Wait a minute, how much plastic is in this thing that I bought, how often am I
getting in a car to go a short distance to buy something?" We felt a big shift
right then. Of course, by that time, we were already making the movie. That was
2005. We were in our two bio-diesel buses just a little less than three months
after Katrina. It was very much on our minds.
ID: Maybe I’m getting a bit ahead of myself. But I’ve seen a video online of a man in a Richard Nixon mask trying to protest an
appearance of yours at a bookstore.
RB: At first I thought he might kill me. [speaking to Savatri across the room]
When I was at C-SPAN in Cambridge, there was a man in a very realistic looking
Nixon mask protesting, he was…
ID: I think he brought you a tub of ice cream.
RB: He offered me some ice cream. Anyways.
ID: If I was to interpret his POV, he’s arguing the more that Americans spend, the more we are helping ourselves and
propelling our economy, as endorsed by the administration’s recent tax stimulus. What do you say to someone who responds this way to the
RB: We have defined shopping as evil, but the evil is specific, it’s big boxes and chain stores. We defend independent shops and single-family
organic farms. We defend economies that are not globalized. I know there has to
be some trading across the ocean, and there always will be. There is some
reason to have bigger companies. It’s just that the balance is so far gone now, the corporations have taken over,
and they are so dominant. More than half of the top 100 economies in the world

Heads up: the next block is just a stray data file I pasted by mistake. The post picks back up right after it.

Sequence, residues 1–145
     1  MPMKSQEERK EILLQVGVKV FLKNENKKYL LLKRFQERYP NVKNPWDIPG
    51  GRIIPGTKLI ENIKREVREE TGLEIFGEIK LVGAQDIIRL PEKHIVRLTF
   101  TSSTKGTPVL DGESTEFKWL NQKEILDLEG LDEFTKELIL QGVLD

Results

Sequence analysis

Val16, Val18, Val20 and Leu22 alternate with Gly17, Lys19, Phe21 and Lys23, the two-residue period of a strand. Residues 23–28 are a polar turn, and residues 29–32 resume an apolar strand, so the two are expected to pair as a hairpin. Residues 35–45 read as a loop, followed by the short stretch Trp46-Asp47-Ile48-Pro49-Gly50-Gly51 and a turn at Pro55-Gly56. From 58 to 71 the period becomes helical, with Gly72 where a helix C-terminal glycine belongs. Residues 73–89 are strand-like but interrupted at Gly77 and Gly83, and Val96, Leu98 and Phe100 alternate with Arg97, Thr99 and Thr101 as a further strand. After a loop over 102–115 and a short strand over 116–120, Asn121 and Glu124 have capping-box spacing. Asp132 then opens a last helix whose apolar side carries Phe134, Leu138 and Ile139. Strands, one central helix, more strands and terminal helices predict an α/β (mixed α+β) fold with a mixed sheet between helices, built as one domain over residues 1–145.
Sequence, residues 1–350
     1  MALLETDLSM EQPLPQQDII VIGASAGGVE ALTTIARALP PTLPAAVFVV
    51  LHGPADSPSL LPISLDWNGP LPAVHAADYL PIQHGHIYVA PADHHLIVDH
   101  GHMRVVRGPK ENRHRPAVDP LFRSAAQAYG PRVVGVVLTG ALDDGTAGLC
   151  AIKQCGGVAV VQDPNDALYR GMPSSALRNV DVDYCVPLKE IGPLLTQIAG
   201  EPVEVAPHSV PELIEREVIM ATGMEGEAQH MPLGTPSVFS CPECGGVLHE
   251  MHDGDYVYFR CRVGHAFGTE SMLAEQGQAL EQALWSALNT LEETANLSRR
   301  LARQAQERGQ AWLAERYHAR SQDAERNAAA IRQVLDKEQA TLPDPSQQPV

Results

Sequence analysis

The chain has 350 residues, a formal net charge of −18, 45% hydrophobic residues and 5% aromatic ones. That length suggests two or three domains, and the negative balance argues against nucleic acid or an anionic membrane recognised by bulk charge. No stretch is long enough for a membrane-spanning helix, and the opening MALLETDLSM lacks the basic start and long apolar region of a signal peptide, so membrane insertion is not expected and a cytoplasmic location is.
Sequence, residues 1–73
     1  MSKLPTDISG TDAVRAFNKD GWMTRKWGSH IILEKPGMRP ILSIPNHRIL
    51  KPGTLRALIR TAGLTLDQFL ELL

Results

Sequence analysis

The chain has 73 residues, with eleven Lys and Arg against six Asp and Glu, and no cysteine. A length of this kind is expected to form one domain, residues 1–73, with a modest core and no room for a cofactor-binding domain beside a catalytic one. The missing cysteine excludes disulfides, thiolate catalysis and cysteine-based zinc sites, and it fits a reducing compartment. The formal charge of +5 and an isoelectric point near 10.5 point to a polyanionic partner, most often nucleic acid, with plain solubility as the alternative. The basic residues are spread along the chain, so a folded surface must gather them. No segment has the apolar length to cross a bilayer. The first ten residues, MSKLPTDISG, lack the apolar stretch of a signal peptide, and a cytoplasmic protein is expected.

are corporations, not nations. They’re so dominant at this point that our congressman are corrupted, our regulatory
agencies are corrupted. We can’t operate independent businesses, because there is no resistance to this
juggernaut. We argue, yes, spend, but find a way to consciously shop. You pay
for something in a shop where you see the money you spend come back into your
community. With Wal-Mart more than half of the money you spend is mystery
money, you don’t know where it goes. In fact, Wal-Mart, the biggest donor of the Republican
Party, is a supporter of the war.
So, yeah, we have ideas for the rebate, we have a questionnaire on the website.
We call it rebate revival.
ID: Back to the film. How did this come about, with Morgan Spurlock producing,
and a pretty wide distribution deal?
RB: A mutual friend introduced us; we met in a bar. He blew us away with his
intention to make a film about us just after Morgan had made Supersize Me. We
said, “You know what? This is lightning striking, let’s just put everything else aside,” and we did and we worked on the film for three years. We’re really glad we did. We lost some battles, but we always had our hand in the
movie. We [Billy and Savatri] were two of the four people that made the movie:
the director, Rob Vanalkemade; Morgan, the producer; and Savi and I. Savi is
the director of the company, the choir and me, and I’m the character Reverend Billy, responsible for a lot of the text.
Morgan was very loyal. He had to raise money outside of the usual channels,
because we were taking on Wal-Mart in the movie and a lot of commercial outlets
were closed to us because of how radical the film was. But Morgan, by being an
Oscar-nominee, and having a hit movie, was able to raise very good money, and
at our peak we were up to 75 theaters. And now it’s out on DVD. It got a much bigger distribution than movies with this sort of
content usually get. We were very grateful.